Upon return, both the Gossetts and Trusty made claims under the homeowners policy. Farmers paid the Gossetts for the loss of contents and personal property. Farmers also tendered a check for $114,818 naming all three parties as payees. The purpose of doing this was to force the parties to meet to divide the check. The Gossetts contributed $5,000 to the amount (was this a partial interest payment to Crennell? Trusty's fee?) and then the $119,818 was (in Nov. 1991) divided as follows: $4,000 to Trusty (part of all of their fee) and $115,818 to Crennell. Both Trusty and Crennell then quitclaimed the deed in favor of the Gossetts. The Gossetts were left holding the bag, so to speak--with just a burnt-out house and loads of problems.
The Gossetts File Their Case Against Farmers
Because Farmers refused to pay the Gossetts more money, the Gossetts sued Farmers, seeking: (1) money for the work completed; (2) money for damage to the dwelling, under the theory that they had an insurable interest in the dwelling since the date of purchase; (3) money for profit lost because they were planning to fix up the house and sell it for a considerable profit; (4) attorney fees. At trial, the court granted the Gossetts MSJ (both parties had moved for SJ), but limited their insurable interest to the value of their improvements (1 above). True to form, the Gossett's submitted a claim that they had expended $130,333 on improvements but all the documentation was, unfortunately, incinerated. Upon pressure from all sides, they lowered their estimate of loss to $47,375.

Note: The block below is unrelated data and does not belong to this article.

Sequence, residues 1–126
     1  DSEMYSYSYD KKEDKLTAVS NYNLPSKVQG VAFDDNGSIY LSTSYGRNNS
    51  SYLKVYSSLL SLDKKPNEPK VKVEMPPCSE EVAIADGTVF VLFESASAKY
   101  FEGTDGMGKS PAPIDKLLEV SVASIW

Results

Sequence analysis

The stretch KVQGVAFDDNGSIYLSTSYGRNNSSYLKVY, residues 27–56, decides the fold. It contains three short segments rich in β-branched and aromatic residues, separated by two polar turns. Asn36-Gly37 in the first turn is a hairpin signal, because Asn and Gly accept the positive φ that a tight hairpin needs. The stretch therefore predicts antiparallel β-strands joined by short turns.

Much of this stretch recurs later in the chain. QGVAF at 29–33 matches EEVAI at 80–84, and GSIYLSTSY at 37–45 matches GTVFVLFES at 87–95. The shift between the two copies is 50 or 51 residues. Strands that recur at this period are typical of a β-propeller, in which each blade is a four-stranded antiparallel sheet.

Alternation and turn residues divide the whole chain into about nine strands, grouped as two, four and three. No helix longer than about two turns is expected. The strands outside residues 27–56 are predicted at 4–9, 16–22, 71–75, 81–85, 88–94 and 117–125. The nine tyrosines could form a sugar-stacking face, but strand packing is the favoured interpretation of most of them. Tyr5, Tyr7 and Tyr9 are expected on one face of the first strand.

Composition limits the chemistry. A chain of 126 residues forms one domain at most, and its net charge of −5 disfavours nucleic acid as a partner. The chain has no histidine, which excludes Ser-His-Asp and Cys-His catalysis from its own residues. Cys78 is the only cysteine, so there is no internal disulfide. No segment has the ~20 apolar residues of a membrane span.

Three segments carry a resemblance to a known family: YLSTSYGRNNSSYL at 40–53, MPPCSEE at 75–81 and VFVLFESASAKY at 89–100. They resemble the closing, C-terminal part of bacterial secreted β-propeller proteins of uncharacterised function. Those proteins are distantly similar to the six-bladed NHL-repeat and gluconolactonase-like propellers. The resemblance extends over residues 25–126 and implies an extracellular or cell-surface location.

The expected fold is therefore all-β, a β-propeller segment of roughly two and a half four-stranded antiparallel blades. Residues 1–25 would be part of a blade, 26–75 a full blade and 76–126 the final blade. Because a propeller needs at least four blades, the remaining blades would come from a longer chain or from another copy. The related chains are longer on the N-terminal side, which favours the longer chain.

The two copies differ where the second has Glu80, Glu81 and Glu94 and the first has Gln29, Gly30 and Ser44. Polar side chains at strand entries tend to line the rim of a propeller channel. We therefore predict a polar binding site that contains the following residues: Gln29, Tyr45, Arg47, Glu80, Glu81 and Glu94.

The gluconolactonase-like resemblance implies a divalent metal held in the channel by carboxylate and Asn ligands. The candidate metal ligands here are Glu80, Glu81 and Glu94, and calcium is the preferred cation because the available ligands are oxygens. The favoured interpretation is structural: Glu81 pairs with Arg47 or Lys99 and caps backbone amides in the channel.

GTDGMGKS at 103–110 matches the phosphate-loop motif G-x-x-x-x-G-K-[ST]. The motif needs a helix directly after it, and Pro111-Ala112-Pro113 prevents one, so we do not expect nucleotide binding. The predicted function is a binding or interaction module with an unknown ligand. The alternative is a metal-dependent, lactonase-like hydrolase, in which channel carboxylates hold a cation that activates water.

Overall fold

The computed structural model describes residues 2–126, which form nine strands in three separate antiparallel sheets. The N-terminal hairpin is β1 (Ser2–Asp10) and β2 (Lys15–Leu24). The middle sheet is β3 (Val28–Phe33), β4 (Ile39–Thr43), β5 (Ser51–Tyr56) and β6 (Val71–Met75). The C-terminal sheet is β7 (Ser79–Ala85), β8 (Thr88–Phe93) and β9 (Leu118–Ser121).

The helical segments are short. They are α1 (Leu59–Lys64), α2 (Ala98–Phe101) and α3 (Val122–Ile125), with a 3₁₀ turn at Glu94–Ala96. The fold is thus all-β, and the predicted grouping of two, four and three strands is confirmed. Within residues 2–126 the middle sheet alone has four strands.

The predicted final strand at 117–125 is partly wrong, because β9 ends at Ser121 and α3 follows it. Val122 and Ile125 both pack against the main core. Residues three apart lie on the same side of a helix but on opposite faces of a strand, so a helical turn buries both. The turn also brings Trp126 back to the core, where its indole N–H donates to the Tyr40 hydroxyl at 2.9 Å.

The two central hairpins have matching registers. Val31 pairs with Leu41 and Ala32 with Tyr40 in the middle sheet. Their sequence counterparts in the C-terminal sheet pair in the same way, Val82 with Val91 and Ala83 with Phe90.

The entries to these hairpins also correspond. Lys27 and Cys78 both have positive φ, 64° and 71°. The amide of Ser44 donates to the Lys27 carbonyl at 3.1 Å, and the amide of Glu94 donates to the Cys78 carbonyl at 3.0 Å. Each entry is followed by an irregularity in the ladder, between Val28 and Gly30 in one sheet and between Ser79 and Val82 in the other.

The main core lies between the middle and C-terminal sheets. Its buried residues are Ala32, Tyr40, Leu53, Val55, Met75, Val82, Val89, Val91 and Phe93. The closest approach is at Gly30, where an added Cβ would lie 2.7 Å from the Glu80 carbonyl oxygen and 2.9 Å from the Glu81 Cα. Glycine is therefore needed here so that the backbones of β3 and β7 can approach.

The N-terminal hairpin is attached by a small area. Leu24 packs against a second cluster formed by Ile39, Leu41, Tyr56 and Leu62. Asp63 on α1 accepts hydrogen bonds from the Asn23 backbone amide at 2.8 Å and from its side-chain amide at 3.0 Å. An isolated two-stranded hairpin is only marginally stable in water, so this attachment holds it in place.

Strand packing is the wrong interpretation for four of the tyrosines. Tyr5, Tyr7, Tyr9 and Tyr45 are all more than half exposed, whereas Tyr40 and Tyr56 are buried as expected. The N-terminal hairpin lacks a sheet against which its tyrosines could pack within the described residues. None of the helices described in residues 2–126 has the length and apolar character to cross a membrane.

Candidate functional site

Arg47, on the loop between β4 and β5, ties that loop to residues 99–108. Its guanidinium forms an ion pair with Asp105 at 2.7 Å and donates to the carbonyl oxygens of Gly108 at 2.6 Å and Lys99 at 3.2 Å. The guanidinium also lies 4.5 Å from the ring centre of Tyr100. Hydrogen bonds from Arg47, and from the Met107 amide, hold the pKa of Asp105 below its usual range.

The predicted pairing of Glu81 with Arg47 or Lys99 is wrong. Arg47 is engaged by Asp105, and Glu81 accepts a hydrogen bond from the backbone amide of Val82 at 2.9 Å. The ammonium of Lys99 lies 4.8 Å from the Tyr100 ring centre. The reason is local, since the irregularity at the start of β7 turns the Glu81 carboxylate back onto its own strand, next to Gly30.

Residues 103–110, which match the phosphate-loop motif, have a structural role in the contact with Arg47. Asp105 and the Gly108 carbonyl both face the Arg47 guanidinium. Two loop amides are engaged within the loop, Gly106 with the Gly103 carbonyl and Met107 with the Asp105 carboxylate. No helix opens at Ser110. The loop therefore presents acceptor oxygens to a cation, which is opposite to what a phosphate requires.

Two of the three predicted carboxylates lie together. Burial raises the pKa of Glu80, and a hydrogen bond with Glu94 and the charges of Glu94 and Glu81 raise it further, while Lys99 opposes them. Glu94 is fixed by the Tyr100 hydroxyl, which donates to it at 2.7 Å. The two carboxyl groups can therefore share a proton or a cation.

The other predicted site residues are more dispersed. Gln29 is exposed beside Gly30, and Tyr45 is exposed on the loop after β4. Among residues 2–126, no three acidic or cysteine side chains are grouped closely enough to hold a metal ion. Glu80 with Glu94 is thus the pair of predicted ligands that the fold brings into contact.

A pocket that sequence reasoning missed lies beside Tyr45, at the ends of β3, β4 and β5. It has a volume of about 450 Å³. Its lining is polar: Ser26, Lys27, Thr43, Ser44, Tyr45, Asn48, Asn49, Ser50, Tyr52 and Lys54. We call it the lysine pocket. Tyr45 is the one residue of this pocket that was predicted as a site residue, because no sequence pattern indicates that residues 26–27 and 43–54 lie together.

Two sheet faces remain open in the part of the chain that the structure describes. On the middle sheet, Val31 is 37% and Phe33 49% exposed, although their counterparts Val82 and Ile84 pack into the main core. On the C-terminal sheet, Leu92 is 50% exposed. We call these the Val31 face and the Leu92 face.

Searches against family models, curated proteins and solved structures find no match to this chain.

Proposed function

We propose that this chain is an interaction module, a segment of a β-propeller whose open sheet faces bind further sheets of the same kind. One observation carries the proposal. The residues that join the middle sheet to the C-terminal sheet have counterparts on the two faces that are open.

The Court of Appeals affirmed on (1) above and remanded for a factual hearing on (3), holding that, in this case of first impression, the expected profit for a sale was an insurable interest. They also awarded attorney fees (4) under the theory developed in a recent WA case (Olympic Steamship) which held that when an insurer forced its insured to file suit in order to obtain the full benefit of its insurance contract, it would be liable for its insured's attorney fees. All of these should come in for some mention in class on Monday.
Finally, the S Ct (in the terribly abbreviated case you read) affirmed the lower courts on (1), reversed the Ct of Appeals on (3) and affirmed on (4). Since they held that the Gossetts had no insurable interest beyond their improvements to the property, there was no recovery under (2).
This is the kind of case that make studying law fun for me. You see the human dimension laid out in all its glory before you, and you see the way that courts have to try to apply a panoply of legal doctrines to the interesting facts. I believe also that this fuller summary of the case also makes not just the facts more interesting, but the law more compelling, too, especially on the issue of attorneys fees and the debate over a possible insurable interest in future profits earned by the sale of the house.
Copyright © 2004-2007 William R. Long